Discover Cunnamulla's Outback Charm
March 8, 2020 • Kevin Smith
5 min read
Cunnamulla is a good 800km drive west of Brisbane, and could be called the gateway to the 'real' outback, with several major highways intersecting the town. The locals all say their town is ‘’appealing naturally!!’’ but for me it was never meant to be more than another pass-through town. I was heading further west when (as fortune would have it) several very hot days saw me grounded in the area, giving me the perfect chance to explore Cunnamulla and everything it has to offer.
A bit of history
The town goes back to 1846 when Sir Thomas Mitchell explored the floodplains of the Warrego River. Being so far away from the goldfields and other favourable areas, growth was initially slow. But by 1860 there was an influx of settlers and graziers, a courthouse was built and the Cobb & Co coach came to town.
As Cunnamulla became a hub for several intersecting stock routes the population grew. Next came the railway line and shops (including a soap maker and a cordial factory), a school was built and the community spread as new areas were being discovered.
Over time Cunnamulla has seen fortunes in wool and grazing with several large pastoral stations. Now it’s a sleepy town but not without its secrets. Cunnamulla has had a chequered past and one reminder of it still stands today. In 1880 Joseph Wells attempted to rob the local bank, but it all went wrong and he was wounded in a struggle. He fled the bank and hid up a tree where the local dogs soon found him. Wells was eventually found guilty and was sentenced to death. Known as the Robbers Tree, it now has a heritage listing and is less than 1km from town.
Basing yourself at Cunnamulla, there are a few options to explore the town and the outer reaches of the shire. A great source of history and local knowledge can be found right in the heart of town beside Centenary Park at the tourist information centre. Here you can pick up maps and wander the displays that include the Paroo Pioneer Pathway, the Artesian Time Tunnel, and visit the Cunnamulla Fella out front. This double life-size statue was commissioned after Slim Dusty released a song by the same name and is the centrepiece to the yearly festival.
A history trail has been set up around town where you can spend a few hours driving around town and taking several walkways to points of interest. The heritage trail lets you discover the town's heritage buildings, the river walk has a superb sunset viewing platform above the river, there's a magnificent old covered railway platform, and for the kids don't forget to visit the dunes just out of town for a little fun in the sand.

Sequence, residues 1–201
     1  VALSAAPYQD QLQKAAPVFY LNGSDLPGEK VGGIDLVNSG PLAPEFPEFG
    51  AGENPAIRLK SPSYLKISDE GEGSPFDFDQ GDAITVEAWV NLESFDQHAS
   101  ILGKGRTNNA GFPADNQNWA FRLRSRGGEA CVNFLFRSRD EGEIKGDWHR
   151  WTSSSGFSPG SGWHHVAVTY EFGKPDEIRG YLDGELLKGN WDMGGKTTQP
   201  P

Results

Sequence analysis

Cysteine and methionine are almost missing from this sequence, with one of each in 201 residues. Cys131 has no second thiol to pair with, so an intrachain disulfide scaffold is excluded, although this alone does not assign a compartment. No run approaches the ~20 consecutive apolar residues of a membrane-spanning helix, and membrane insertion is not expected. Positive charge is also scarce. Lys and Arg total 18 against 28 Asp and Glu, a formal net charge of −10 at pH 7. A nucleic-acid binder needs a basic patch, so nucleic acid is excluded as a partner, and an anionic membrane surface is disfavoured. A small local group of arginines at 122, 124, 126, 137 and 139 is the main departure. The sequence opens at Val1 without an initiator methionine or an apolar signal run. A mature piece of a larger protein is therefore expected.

Five kilometres south of town is the Allan Tannock weir, the perfect place to sit by the water and watch the birds come and go, or if you brought your tinnie there is also a boat ramp. Gas bbqs and picnic tables are here for all to use.
Eulo and Yowah
Exploring further afield, a 64km drive west brings you to Eulo (pronounced U low). It’s only a small town but during the month of September believe it or not, they hold Lizard Racing on a specially designed Lizard Racing track!!
Eulo is also known for its artesian mud springs, date farms and ‘Kenny'. Discovered in 2011, Kenny is a Diprotodon, which is very similar to our current wombat. The only difference is that Kenny is some 7 foot high, 15 foot long and weighs around 500kg. Roaming the earth up until 46,000 years ago, Kenny is regarded as one of the best preserved prehistoric skeletons ever found.
A short drive out of Eulo is the Paroo River. This is a great area for a picnic or camp with plenty of room for even the biggest of trailers. A must do here is the walking trail around the wetland that highlights significant areas on the river bank.
If opal fossicking is more your thing, continue further north of Eulo to Yowah. There are several opal fields here where you can take a tour and try your luck scratching around. Because there's no such thing as town water out here, the locals have sunk a bore nearly 1km deep to tap into the hot artesian water. One of the quirky highlights of a visit to this remote community is soaking in this artesian water, either in the community pool or the bath tubs just near the shop.
Where to stay
There's some great caravan parks in Cunnamulla and far west Queensland. For those wanting to experience life on a true working outback station, there are several in the area where accommodation is available, from camping to bunking down in shearers' quarters. They also offer bush cooking, sheep shearing and day-to-day station life.